You can start investing in gold online now by clicking here.

Physical gold

Investing in physical gold is fairly straightforward, although there are a couple of steps you must take. Generally, you'll work with a gold dealer and likely need to pay for storage and investment insurance. You can invest in physical gold in several ways, but the three most common types are bullion, coins and jewelry.

  • Gold bullion: Gold bullion are big bars of gold available in various sizes, but typically investors buy one- or 10-ounce bars. The price of gold in November 2022 is around $1,775 per ounce, making your buy-in to this type of gold rather expensive. You can buy gold bullion through a reputable dealer, and given the high price of gold, it's wise to pay for delivery with insurance. Gold bullion and coins must be stored securely in a vault, safe deposit box or other secure methods.
  • Gold coins: Another direct way to own gold is to purchase gold coins, which are smaller in size—one ounce or less—and easier to invest in and store than large gold bars. It's common to pay a markup ranging from 1% to 5% of the gold value.  For example, a 2022 Canada Gold Maple Leaf one-ounce coin currently retails at around $1,900, a sizable markup over the $1,775 price for one ounce of gold.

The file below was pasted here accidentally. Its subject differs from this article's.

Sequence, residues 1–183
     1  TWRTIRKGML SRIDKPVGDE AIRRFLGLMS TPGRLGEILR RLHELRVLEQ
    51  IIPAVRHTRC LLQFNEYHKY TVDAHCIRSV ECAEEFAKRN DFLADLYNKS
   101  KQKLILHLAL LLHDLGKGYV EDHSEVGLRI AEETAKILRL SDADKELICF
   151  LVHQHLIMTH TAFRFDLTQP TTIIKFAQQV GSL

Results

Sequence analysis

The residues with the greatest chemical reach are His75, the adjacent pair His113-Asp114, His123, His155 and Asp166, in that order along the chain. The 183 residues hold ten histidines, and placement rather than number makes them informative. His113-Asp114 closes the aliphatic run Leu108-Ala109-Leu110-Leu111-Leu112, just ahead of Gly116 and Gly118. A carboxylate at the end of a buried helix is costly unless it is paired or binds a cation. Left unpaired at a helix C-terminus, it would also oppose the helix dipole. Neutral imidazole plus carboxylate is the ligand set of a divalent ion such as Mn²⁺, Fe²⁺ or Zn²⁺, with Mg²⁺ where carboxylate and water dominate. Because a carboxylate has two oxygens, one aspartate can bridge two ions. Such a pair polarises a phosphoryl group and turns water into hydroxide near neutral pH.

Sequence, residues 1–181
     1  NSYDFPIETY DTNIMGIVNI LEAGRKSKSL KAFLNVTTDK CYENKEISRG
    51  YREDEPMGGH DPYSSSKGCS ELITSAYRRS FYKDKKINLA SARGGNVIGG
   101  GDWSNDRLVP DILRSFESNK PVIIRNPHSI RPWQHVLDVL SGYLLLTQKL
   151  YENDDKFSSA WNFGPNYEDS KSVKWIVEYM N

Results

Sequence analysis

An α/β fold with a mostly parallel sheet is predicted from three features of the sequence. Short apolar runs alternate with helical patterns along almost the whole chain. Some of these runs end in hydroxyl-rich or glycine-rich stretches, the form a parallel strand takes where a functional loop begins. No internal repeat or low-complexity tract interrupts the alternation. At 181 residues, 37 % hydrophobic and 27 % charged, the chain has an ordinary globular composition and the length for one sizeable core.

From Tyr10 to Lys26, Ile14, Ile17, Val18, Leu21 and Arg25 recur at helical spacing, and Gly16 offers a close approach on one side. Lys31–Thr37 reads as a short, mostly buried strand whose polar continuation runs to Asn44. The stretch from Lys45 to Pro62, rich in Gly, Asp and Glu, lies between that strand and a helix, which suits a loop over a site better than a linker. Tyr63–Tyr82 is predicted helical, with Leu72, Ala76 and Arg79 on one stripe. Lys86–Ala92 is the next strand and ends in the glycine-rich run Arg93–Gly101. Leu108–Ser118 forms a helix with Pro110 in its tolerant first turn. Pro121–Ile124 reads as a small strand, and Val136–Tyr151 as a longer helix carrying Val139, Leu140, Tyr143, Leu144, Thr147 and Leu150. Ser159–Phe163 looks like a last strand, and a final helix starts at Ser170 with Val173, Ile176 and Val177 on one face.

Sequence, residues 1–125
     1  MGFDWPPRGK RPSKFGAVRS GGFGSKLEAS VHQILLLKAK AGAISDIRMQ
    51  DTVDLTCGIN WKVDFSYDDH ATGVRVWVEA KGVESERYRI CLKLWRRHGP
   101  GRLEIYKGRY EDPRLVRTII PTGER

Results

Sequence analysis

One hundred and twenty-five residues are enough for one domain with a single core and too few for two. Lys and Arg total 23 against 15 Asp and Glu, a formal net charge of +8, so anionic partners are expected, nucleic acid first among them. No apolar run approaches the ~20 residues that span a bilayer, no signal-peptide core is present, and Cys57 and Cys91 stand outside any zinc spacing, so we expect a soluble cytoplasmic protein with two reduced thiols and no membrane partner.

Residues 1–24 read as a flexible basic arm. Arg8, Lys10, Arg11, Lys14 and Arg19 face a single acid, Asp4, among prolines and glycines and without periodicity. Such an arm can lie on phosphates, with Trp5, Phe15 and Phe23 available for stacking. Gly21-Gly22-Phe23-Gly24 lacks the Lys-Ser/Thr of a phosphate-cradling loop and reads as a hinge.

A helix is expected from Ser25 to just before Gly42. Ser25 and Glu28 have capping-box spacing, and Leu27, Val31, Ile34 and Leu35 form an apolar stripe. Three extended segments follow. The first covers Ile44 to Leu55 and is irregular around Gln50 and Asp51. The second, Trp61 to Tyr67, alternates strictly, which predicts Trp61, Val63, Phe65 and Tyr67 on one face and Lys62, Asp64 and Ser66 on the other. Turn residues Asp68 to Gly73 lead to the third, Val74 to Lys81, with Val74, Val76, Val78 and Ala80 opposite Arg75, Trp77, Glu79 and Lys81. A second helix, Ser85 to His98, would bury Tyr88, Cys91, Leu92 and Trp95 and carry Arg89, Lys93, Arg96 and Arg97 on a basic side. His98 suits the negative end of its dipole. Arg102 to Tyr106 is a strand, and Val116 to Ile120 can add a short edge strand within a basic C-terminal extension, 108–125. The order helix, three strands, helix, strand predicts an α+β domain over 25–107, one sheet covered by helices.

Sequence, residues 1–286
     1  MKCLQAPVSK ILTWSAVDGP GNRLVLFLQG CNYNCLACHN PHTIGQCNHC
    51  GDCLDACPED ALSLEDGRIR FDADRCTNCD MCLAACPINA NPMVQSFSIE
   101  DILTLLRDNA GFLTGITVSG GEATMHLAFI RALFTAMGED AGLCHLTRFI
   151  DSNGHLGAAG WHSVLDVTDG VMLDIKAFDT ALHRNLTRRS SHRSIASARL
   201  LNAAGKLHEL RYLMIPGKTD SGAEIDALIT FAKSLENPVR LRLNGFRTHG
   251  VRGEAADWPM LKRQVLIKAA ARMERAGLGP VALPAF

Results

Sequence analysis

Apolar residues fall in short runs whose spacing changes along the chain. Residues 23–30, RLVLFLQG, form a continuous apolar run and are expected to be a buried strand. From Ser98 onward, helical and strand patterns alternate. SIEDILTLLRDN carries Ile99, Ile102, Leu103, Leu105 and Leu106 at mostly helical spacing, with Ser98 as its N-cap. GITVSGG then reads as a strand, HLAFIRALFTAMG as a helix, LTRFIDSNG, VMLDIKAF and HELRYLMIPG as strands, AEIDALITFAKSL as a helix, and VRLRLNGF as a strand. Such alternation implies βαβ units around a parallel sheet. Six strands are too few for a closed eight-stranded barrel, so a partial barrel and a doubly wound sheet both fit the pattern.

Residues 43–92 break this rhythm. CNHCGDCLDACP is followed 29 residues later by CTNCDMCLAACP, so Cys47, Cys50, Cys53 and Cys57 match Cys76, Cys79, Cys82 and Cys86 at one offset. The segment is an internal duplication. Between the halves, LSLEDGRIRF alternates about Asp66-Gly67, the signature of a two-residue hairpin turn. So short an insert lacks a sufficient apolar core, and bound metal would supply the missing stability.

• Gold jewelry: Like many Americans, you may already own gold in this form. Roughly 49% of the world's gold production is used to make jewelry, according to the World Gold Council. You can purchase gold at retail outlets, but you'll be subject to substantial price markup. Consider purchasing gold jewelry at estate sales and auctions to save money with less or no retail markup. Generally, gold jewelry isn't purchased as an investment but more for its beauty and art form.

Learn more about investing in gold here.

Gold futures

Gold futures are a financial contract between an investor and a seller to buy a specific amount of gold at a certain price on a future delivery date, no matter the market conditions. Futures are considered a risky way to invest in gold as it is a type of speculative investing based wholly on the price of the gold. 

To invest in gold futures, you must have an account at a brokerage that offers them. Your brokerage may allow you to trade the security, but they may require you to sign a form stating you understand the risks involved.